The Streaming Wars are ramping up again. This time platforms like Netflix and Disney+ are going to offer ad supported tiers for a lower cost option for potential and existing customers. Now, Netflix just announced they will be opening their ad-supported tier in November instead of original “2023” time frame. This puts the streamer ahead of Disney+ and their ad-supported tier. On top of that Netflix recently just got two of Snap’s top ad executives as well.
Disney had announced that they would be offering their “lower cost option”(which isn’t actually lower, the current price will be the ad supported cost while other options will be more expensive.) Disney+ plans to roll out their plan starting on December 8, 2022. Netflix is now rolling theirs out, more than a month ahead, on November 1 On that date the new tier will be available in multiple countries including the U.S., Canada, U.K., France and Germany.
Netflix has yet to announce their ad-supported pricing but it is likely to be somewhere in the range of $7-$9 a month.
That’s a significant price reduction for some subscribers. The ads don’t sound like they will be very intrusive either with reports of them running only once per hour of a show or pre-rolled before films. Reportedly they will also use “frequency caps (how often an ad spot may be served to individual viewers) of one per hour and three per day per viewer.”
What’s even more interesting is the prices that Netflix is demanding for their ad spots.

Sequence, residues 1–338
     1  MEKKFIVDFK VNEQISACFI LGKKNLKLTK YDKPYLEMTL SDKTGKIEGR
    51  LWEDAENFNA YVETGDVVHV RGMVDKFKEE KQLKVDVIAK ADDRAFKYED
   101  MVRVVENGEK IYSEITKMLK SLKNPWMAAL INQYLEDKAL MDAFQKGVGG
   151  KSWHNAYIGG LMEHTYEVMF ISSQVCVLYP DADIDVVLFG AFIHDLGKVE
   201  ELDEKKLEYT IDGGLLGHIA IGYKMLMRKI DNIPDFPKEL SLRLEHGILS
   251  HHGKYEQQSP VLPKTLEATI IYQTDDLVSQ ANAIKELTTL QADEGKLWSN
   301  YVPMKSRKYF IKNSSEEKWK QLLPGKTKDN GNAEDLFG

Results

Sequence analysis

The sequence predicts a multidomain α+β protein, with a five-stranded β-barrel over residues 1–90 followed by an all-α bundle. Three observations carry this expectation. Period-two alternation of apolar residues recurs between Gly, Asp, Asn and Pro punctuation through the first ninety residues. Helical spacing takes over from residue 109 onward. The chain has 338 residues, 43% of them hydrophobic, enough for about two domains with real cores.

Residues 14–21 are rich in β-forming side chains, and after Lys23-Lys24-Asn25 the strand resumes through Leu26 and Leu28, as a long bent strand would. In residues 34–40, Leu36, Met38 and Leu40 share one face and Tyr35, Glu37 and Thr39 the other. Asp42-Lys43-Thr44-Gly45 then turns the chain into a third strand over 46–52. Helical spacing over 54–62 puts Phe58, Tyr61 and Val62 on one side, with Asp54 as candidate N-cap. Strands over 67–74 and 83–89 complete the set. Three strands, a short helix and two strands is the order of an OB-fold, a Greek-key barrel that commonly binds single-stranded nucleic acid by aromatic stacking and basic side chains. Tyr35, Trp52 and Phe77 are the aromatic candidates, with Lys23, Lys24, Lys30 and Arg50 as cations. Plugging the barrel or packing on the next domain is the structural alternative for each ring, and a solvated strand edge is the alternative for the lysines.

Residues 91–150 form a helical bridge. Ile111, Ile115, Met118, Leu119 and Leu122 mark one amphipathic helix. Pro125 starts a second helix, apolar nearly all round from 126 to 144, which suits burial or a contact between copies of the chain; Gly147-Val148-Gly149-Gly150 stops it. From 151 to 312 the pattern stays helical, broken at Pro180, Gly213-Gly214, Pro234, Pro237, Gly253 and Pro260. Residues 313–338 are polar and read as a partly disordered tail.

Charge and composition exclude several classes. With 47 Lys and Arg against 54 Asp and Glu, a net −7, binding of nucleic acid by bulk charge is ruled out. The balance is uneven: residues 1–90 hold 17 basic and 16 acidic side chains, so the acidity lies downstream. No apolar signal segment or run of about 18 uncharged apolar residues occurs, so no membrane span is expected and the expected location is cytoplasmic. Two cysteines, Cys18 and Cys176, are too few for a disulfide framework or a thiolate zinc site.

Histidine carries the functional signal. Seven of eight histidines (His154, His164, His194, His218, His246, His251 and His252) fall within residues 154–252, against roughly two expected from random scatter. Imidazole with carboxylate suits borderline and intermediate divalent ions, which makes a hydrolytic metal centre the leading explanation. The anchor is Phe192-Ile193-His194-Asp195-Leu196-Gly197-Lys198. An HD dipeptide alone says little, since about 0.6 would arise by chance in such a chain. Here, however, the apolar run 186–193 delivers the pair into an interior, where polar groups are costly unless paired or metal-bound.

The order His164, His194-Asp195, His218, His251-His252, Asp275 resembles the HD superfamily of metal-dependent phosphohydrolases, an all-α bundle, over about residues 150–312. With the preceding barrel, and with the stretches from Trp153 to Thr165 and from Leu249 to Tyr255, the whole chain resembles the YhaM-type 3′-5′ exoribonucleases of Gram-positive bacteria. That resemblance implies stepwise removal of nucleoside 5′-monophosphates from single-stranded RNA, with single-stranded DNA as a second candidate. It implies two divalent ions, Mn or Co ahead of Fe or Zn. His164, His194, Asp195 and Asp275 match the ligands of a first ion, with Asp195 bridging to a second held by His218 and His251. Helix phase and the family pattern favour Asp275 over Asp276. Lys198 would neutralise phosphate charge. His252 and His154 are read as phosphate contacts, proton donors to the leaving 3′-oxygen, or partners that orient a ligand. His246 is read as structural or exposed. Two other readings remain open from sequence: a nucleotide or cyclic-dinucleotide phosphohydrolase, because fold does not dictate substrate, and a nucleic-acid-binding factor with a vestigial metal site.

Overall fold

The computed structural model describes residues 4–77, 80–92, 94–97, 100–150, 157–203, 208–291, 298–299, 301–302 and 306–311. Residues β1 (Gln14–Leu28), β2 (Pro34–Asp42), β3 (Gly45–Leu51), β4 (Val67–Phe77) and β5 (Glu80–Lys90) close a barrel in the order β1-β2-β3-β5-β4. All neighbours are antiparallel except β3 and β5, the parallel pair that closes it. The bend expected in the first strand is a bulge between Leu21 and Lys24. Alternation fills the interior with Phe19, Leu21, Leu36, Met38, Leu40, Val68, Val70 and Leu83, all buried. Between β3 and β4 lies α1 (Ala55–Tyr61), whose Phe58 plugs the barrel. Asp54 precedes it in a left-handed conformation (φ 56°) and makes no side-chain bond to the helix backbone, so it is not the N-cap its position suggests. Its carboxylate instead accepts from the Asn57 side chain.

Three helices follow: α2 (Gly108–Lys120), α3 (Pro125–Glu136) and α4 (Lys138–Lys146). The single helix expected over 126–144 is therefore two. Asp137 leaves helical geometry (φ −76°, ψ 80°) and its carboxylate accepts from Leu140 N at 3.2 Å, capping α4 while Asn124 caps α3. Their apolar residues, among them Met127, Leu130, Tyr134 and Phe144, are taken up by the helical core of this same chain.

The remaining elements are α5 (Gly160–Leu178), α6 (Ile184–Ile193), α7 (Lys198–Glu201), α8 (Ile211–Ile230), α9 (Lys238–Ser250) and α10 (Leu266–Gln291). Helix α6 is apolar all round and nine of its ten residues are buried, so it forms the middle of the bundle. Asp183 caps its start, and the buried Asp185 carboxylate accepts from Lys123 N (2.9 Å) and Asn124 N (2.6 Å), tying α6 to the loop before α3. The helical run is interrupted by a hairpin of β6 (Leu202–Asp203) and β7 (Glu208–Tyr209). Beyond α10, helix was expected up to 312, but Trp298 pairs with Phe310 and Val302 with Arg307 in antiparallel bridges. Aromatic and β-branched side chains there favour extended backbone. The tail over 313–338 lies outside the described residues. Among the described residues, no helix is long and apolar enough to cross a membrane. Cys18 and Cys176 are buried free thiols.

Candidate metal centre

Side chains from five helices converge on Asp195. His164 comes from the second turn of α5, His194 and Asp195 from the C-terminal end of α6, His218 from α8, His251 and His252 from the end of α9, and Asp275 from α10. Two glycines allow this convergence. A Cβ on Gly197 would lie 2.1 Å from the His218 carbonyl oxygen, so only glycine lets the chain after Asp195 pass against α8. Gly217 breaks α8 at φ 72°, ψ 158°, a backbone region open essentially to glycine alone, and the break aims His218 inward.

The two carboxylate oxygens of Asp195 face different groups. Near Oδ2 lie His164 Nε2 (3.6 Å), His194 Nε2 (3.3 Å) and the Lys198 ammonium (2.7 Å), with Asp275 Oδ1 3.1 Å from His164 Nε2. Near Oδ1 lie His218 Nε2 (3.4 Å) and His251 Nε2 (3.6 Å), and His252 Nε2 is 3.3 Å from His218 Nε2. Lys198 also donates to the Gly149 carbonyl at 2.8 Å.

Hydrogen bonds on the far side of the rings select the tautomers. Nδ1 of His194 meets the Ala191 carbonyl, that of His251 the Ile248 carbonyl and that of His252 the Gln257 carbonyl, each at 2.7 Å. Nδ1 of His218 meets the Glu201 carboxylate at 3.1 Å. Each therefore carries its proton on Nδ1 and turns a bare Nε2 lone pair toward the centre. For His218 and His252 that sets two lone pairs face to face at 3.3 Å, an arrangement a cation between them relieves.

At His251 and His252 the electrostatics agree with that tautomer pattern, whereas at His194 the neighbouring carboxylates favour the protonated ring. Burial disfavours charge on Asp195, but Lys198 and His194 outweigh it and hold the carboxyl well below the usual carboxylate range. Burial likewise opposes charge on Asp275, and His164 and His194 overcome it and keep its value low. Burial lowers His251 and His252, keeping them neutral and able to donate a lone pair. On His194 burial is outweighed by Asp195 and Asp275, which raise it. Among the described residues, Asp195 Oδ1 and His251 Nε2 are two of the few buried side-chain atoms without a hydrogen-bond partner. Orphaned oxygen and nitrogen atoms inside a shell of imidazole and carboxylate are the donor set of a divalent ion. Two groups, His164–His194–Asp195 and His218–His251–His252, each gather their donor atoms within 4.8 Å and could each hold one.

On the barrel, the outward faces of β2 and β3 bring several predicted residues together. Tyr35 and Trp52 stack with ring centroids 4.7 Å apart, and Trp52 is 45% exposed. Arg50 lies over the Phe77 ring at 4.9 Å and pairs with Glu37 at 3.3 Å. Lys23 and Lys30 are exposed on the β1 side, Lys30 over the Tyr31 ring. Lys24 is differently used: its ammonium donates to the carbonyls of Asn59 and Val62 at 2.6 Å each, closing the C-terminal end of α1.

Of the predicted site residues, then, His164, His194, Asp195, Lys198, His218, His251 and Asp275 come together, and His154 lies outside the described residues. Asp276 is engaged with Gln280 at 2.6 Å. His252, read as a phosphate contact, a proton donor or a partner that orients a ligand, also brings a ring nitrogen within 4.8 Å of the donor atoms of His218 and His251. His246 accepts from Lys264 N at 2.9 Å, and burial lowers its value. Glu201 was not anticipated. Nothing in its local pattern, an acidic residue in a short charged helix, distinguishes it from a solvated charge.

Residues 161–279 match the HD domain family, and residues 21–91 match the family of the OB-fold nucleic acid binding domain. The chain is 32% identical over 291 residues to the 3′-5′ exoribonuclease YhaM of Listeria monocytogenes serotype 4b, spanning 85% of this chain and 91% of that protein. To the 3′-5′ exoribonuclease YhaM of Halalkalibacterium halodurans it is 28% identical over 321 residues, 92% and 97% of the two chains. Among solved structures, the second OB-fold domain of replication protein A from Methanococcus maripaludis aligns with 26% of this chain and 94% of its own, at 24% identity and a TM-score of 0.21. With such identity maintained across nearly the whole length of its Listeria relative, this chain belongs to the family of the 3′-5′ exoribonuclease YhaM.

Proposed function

They are wanting advertisers to pay $65 CPM ($65 per/1,000 viewers) which according to Variety is almost 2-3X industry standard at about $20-$30 CPM. It is a stretch but Disney+ is seeking $50 CPM which is about 2X the average and HBO Max was asking $40 CPM. It’s not as terrible when you know what other streamers are charging, but it’s still a lot higher.
Netflix is also reportedly asking for a $10 million minimum commitment for annual ad spending on top of the high CPM. The company seems to be trying confirm ad buys by Sept. 30 to launch the new tier on November 1.
Moving into November puts them in place to cash in on holiday advertising and political advertising (if they choose to run political ads.) It might make the high cost appealing to advertisers as many are predicting record ad spends this year. Add to this the limited advertising spaces and it might entice advertisers to pay the higher costs for the available spots.
But Variety thinks Netflix’s price might be a hard sell:
“My guess is they won’t get that.” The feedback from brands is “very much wait-and-see,” the source added. “At anything above $20 [CPM], the feeling is, ‘Let’s let other advertisers wade into that pool first.’”
It’s also important to note that Netflix’s ad-supported tier will have limited targeting:
“Initially, Netflix’s ad-supported service will not have any third-party attribution. It also will have limited targeting ability: Advertisers will be able to buy against Netflix’s top 10 most-viewed TV series and against some content genres. But for the first phase of the ad tier’s rollout, Netflix will not serve ads based on geography (except by country), age, gender, viewing behavior or time of day.”
It’s going to get interesting that’s for sure! Disney+ Day is coming on September 8 and I have to wonder if they will announce their ad-supported option will be launching sooner now too?
What do you think? Comment and let us know!
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